Analytical and Laboratory

New Weapon in the Fight Against Food Contamination

14 August 2017

Image credit: American Society for MicrobiologyImage credit: American Society for MicrobiologyPlastic film may be the secret weapon in the fight against food contamination, according to research published in the journal Applied and Environmental Microbiology.

According to the research, plastic film can kill the bacteria found in biofilms—an accumulation of bacteria that significantly increases antimicrobial resistance. According to the study,"...biofilms are the leading cause of cross contamination of food and non-food materials upon contact with contaminated surfaces."

"We tested the modified plastic films using two relevant foodborne pathogens—Escherichia coli, and Listeria," said corresponding author Nitin Nitin, PhD, Professor and Engineer, Departments of Food Science and Technology and Biological and Agricultural Engineering, University of California, Davis. "The tests were conducted to evaluate prevention of biofilm formation, as well as treatment of pre-formed biofilms."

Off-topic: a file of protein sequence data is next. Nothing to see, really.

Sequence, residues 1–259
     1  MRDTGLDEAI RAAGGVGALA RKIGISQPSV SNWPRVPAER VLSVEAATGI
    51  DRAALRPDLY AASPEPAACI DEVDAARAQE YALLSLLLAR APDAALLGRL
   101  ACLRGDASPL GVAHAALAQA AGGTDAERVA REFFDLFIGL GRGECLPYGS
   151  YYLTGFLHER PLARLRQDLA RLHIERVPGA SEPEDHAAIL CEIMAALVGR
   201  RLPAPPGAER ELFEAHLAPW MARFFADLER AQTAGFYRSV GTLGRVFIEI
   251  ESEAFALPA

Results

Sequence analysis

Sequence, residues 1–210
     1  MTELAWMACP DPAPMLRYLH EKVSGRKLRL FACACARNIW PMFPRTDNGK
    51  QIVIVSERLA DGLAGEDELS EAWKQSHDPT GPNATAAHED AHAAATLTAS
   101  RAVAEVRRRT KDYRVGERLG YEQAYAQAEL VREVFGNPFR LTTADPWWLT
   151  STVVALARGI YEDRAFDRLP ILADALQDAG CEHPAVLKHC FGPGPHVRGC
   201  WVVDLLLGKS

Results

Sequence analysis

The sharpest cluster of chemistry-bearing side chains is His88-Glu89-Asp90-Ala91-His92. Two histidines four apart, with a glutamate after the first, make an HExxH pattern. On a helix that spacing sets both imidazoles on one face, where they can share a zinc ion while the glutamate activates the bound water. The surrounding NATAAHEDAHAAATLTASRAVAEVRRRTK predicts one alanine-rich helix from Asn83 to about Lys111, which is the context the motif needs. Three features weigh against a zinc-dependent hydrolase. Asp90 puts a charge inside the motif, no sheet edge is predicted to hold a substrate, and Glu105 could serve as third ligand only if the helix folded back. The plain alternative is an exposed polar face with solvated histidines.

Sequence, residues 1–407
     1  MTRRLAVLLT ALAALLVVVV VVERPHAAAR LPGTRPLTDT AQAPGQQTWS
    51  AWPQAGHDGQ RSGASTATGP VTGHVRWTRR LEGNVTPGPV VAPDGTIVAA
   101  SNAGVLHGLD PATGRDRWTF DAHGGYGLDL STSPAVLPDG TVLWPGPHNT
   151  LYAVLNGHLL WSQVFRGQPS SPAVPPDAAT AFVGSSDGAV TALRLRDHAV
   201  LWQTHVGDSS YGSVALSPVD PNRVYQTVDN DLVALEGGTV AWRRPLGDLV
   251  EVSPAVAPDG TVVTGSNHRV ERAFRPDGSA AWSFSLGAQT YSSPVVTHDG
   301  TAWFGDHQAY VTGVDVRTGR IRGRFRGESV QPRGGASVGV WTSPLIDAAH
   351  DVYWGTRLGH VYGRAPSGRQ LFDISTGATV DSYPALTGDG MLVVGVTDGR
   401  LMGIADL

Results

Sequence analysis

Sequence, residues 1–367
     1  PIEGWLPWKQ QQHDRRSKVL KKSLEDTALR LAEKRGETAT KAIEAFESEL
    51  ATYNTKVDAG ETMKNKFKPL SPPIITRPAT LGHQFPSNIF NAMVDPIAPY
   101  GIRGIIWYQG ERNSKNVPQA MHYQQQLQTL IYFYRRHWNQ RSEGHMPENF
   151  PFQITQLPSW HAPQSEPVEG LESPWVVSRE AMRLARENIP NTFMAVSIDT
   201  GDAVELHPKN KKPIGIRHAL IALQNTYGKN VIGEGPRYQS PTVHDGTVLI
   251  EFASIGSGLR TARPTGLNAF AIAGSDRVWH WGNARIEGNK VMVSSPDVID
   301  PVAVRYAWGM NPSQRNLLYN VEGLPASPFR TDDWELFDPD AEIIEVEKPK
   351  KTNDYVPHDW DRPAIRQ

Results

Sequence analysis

The plastic films are incorporated with “N-halamines”—composed of nitrogen, a chlorine atom and other possible elements—that can kill bacteria on contact or by releasing bacteria-killing chlorine.

"Many food borne disease outbreaks can be traced back to cross-contamination of food with pathogenic bacteria," said Dr. Nitin. "Currently, we do not have an active approach to continuously prevent deposition of bacteria during food processing operations, and can only remove these deposits after processing—during a cleaning shift. Similar risks exist in the hospital environment."

Because traditional sanitizers can’t always treat areas of potential contamination, the researchers believe that the plastic films are versatile and can take on many different shapes, "such as conveyor belts, self-sanitizing globes, plastic bins for food transport, or a plastic mat for biomedical tools. Furthermore, these plastic films can be easily added to existing equipment as a lining material."

For more on this research, click here.



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